Reading the Vampire Slayer
Ten academic essays on aspects of Buffy that range from Buffy's interpretation of (and commentary on) Southern California to its gender politics, its vague relationship to martial arts cinema, and its fan fiction. Brian Wall and Michael Zryd, for example, offer an intriguing essay on "Vampire Dialectics: Knowledge, Institutions and Labour" that does a nice job of illuminating why the introduction to this consumerist American television series features a heroine who wields a hammer and sickle, and why this image is neither cynical nor exploitative.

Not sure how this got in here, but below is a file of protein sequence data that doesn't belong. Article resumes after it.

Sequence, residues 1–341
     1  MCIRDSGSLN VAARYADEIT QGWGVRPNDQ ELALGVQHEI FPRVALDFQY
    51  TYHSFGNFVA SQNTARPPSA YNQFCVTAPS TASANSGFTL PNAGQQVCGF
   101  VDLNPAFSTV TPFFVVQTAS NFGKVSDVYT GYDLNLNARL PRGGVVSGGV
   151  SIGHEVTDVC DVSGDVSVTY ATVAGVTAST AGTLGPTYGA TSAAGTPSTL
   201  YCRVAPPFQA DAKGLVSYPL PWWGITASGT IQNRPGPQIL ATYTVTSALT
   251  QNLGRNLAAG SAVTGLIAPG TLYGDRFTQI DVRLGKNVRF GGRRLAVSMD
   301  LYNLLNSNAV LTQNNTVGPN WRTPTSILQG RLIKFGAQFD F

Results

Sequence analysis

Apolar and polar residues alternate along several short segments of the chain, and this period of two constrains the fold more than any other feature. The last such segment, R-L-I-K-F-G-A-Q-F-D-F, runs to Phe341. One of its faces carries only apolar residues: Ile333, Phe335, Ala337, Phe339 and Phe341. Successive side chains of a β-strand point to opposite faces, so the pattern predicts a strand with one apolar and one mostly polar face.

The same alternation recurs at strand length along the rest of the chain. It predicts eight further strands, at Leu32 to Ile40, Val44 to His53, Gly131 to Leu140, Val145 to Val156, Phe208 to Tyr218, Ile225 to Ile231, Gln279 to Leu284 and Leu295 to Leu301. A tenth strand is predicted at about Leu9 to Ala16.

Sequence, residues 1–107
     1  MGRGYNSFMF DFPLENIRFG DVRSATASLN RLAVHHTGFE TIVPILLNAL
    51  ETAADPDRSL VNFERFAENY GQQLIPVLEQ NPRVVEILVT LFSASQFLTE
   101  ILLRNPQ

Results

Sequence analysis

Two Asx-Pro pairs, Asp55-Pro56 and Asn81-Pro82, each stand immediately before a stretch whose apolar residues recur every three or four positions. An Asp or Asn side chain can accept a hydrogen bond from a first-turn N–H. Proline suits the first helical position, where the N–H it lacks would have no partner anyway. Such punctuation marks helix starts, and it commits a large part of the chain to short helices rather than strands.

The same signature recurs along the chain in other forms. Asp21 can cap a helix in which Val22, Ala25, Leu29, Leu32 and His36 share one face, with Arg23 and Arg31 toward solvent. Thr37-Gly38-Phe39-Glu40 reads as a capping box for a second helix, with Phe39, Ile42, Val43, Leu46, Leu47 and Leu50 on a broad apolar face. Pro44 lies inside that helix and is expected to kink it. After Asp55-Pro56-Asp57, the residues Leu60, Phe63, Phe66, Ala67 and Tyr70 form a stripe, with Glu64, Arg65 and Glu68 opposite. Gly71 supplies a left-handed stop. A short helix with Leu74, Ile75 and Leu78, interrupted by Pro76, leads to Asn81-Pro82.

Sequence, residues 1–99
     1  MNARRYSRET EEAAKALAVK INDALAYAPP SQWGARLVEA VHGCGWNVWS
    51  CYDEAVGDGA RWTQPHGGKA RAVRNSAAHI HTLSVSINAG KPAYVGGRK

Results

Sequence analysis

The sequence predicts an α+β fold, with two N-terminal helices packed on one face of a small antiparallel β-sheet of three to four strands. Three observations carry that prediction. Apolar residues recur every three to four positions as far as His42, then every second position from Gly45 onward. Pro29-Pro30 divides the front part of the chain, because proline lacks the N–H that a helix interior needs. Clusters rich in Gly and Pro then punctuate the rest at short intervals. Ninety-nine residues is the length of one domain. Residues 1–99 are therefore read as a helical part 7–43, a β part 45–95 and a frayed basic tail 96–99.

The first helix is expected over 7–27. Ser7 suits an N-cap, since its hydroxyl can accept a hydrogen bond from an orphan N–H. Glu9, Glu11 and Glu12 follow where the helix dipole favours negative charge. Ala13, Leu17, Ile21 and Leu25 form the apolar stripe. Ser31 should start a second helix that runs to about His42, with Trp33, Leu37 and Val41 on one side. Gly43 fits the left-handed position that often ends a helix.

The authors of these essays must love Buffy: why else are they writing papers on the Buffyverse and not Lacan or Trollope? Still, this volume talks rarely about why Buffy is compelling or how it achieves its effects. West's study of "Buffy and East Asian Cinema" is one of the few essays that look at the way Buffy is filmed, but its conclusions are largely negative: there's a lot of fighting in Buffy, but its creators have forgone (or bungled) opportunities to connect that fighting with related traditions of Japan and Hong Kong. Esther Saxey tells us a lot about fan fiction and Buffy slash -- an area whose gender politics are enormously complicated -- but fails to indicate whether any of the mountain of Buffy slash she's read is worth the reader's time.